Whiteboard of how to connect things to the Internet #iotFriday
We hope you like it and see you at next week’s #IoTFriday. Be sure to use thethings.iO to connect anything to the Internet.
On Saturday, we showed how to connect objects to the Internet using Arduinos and Ethernet Shielts. With the Arduino we were pushing real-time air quality data (with a hacked Air Quality Egg: temperature, humidity, NO2, CO) to Cosm and poll real-time data and embedded that data using D3.js in a map.
Actuators ready to hack chairs
On Sunday, we wanted to show everyone how to connect a chair to the Internet. Sadly, the Wifi at the event went down so we were unable to show off our connected chair, but don’t worry we will explain the use and purpose of the connected chair in a later post.
All around though it was a great event to introduce the Internet of Things and what thethings.iO really is.
Jan Chipchase wrote a post where he talked about how some of his Internet-connected devices made him feel guilty when he wasn’t using them anymore. The purpose of this post was triggered by an email from Twine telling him that he wasn’t using his Twine enough.
This type of email is one demonstration of the new source of data generated by the Internet of Things. Most companies are becoming interested in the amount of usage of your device. They want to know where you use your things, when, why, what you are doing when you are using this thing, how many times, and what things you use together.
Canon EOS 500D (Flickr by sindykids)
These companies want to gain an understanding on how we use our devices and therefore will try to market us better from that understanding. For example, imagine that you have a Cannon EOS 500D, a basic camera, but imagine that Cannon could know that you have a normal zoom lent and you have been taking several photos with zoom. With the Internet of Things, this is possible and advertisement will be more focused on what you do and how you do it. Thus, privacy will be more and more complicated with Internet-connected objects around.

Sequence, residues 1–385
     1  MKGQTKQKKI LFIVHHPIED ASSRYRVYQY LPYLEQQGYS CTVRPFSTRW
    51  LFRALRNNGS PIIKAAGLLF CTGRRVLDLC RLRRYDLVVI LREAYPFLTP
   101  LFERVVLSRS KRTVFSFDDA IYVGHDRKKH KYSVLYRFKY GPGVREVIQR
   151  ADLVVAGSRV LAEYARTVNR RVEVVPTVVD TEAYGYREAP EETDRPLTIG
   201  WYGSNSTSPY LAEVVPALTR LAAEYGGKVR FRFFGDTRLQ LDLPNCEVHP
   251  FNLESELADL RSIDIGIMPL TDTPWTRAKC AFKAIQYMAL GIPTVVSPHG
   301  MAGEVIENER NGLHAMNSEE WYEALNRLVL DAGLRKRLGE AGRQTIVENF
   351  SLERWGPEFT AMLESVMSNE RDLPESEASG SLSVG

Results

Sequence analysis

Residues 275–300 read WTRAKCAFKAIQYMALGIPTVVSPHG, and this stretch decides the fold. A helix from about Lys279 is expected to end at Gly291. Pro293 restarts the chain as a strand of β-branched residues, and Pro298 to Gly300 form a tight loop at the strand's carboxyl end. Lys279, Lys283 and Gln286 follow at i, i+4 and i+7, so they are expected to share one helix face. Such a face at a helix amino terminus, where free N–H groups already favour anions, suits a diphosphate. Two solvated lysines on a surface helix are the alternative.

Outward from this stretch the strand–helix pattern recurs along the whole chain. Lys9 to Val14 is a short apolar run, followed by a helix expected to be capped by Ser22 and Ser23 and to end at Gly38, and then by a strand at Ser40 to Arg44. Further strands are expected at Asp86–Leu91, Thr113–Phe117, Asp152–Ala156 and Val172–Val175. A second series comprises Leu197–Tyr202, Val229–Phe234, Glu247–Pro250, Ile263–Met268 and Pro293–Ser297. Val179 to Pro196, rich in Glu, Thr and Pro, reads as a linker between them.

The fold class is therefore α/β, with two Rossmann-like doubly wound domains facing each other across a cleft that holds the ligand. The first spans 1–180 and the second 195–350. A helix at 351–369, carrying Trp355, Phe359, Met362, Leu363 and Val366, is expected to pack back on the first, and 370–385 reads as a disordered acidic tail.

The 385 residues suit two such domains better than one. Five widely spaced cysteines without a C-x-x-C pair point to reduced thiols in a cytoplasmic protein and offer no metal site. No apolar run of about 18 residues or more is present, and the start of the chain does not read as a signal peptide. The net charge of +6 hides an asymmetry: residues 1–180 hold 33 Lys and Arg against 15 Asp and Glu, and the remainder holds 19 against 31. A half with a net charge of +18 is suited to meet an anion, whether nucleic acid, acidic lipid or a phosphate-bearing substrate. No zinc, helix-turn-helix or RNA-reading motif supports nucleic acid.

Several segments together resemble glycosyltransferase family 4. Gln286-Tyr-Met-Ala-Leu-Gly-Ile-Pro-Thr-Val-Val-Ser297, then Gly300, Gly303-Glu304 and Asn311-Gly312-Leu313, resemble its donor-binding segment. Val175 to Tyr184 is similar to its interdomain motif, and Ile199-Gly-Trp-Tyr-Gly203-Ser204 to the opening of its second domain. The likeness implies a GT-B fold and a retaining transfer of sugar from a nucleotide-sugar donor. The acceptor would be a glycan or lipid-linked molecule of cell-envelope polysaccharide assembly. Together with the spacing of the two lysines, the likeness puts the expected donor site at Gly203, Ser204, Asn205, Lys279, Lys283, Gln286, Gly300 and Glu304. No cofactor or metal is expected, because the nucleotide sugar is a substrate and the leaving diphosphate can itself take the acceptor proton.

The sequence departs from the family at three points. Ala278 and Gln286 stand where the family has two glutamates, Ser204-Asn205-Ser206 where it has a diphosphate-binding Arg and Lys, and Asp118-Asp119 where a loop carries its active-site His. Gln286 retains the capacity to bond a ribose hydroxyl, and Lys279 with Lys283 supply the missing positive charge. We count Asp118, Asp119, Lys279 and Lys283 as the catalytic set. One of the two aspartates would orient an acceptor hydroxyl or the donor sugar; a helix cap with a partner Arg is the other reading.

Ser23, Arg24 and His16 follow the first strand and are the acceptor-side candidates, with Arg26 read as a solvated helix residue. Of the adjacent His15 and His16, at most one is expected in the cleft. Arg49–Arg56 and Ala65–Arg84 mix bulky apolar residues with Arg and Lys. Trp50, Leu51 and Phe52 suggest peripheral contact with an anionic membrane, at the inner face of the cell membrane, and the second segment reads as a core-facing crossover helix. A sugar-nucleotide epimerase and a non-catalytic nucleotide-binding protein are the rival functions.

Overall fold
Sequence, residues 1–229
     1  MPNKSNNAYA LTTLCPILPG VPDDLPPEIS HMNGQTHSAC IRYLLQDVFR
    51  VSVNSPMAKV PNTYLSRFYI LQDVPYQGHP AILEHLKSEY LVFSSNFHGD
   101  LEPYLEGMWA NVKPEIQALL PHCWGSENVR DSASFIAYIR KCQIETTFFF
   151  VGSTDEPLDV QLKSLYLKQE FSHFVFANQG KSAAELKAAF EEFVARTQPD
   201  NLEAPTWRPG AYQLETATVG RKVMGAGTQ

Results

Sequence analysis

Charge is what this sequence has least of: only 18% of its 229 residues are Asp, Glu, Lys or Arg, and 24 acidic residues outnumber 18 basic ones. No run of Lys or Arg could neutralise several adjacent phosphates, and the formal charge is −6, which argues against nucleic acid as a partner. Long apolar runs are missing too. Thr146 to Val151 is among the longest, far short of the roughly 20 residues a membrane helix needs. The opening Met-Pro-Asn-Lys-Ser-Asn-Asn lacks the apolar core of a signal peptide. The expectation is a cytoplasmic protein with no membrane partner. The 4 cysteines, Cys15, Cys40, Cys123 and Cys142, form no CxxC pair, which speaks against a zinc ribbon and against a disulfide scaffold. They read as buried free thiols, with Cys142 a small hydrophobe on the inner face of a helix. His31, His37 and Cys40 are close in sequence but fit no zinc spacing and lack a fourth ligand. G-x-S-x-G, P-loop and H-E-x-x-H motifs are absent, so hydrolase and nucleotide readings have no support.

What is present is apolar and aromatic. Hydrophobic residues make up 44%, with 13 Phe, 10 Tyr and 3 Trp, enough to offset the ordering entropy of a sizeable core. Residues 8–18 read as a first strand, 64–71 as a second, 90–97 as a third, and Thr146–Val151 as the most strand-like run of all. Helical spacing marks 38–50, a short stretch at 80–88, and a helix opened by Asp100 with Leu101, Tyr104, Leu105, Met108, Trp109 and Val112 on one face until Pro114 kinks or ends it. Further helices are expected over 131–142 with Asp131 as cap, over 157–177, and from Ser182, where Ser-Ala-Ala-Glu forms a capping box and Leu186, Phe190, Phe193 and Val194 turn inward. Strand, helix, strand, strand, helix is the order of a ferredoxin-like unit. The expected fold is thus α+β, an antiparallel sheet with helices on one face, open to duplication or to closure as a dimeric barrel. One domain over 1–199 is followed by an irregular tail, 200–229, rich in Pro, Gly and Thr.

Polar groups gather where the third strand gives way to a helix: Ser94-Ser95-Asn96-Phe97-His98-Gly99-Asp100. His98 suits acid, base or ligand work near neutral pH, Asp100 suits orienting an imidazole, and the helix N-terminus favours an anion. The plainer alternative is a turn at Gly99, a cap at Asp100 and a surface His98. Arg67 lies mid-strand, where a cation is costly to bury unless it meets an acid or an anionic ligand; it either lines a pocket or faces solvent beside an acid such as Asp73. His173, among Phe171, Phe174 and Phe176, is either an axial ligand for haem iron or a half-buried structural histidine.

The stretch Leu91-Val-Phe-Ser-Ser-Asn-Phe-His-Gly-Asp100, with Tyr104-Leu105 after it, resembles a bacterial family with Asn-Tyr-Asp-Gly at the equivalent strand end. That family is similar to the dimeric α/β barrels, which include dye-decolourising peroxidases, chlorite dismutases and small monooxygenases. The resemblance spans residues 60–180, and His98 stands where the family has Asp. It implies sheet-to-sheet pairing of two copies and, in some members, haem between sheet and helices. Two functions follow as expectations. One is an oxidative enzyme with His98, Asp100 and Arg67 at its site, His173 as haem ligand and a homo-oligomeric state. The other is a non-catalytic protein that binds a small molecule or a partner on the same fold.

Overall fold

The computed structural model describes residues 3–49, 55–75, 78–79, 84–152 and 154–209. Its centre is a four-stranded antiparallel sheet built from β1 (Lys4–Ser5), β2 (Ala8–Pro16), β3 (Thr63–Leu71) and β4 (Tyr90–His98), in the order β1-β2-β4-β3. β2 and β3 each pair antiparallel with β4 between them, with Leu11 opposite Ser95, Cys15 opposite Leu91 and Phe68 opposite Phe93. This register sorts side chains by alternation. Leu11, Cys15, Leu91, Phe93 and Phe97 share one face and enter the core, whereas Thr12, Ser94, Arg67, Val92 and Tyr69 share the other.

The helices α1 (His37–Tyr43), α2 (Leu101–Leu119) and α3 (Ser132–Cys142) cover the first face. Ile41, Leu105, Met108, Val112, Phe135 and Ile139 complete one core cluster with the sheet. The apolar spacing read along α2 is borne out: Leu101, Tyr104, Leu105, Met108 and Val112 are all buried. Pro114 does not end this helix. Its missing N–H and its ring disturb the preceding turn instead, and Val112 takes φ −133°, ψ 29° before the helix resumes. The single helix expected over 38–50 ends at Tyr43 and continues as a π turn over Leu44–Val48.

At thethings.IO we believe that data made from users is user’s data. Therefore, users have the right to own their own data and give access to this data to third parties which will receive ads and coupons.
Nowadays the Internet of Things is becoming the Internet of Walled Gardens. Most of the IoT projects are vertical solutions that cannot interoperate with other objects or projects. Kickstarter has accelerated this scenario, funding some awesome projects related with the Internet of Things and Quantified Self, nevertheless that has increased the silos existing in the current situation.
Technology experts and big companies do not have a clear idea about the real volume of the Internet of Things in the future, but they are confident that it will be big. That means that we will not be able to deal with one mobile application for each object connected to the Internet. All the things connected will have to have its own experience with the different vertical solutions.
thethings.iO is an horizontal solution built to create an interoperable Internet of Things scenario. Thethings.iO is a platform designed to extend the Web by providing access to real objects in the physical world. Our main goal is to let you manage, share and interact with any thing connected to the Internet anywhere, when you like.
Are you a manufacturer?
We want to make your products interoperable with other existing Internet-connected objects. We would like to offer the end-users the same experience interacting with all the objects and things that they own. And of course we want to give you an extra-value for sharing the access and information of your things. Contact us for more detailed information.
Are you a maker or a developer?
theThings.IO would allow you to create add value on the top of the Internet-connected objects compatible with our platform. I’m sure that you will be interested. theThings.IO is the hub in charge of handling all the communications and the requests to access and interact with them. Let us make the hard part!
theThings.IO for end users
Thethings.iO is built as a social network, seen as an interoperable platform that allows one to interact and remotely manage their Internet-connected objects, such as Fitbit activity trackers, Withings scales or your Arduinos, among other within the same dashboard.
Learn how to connect Internet of Things and Quantified Self with thethings.iO, the new social network for your Internet-connected objects and don’t forget to follow us on Twitter and be sure to check out our #IoTFriday blog!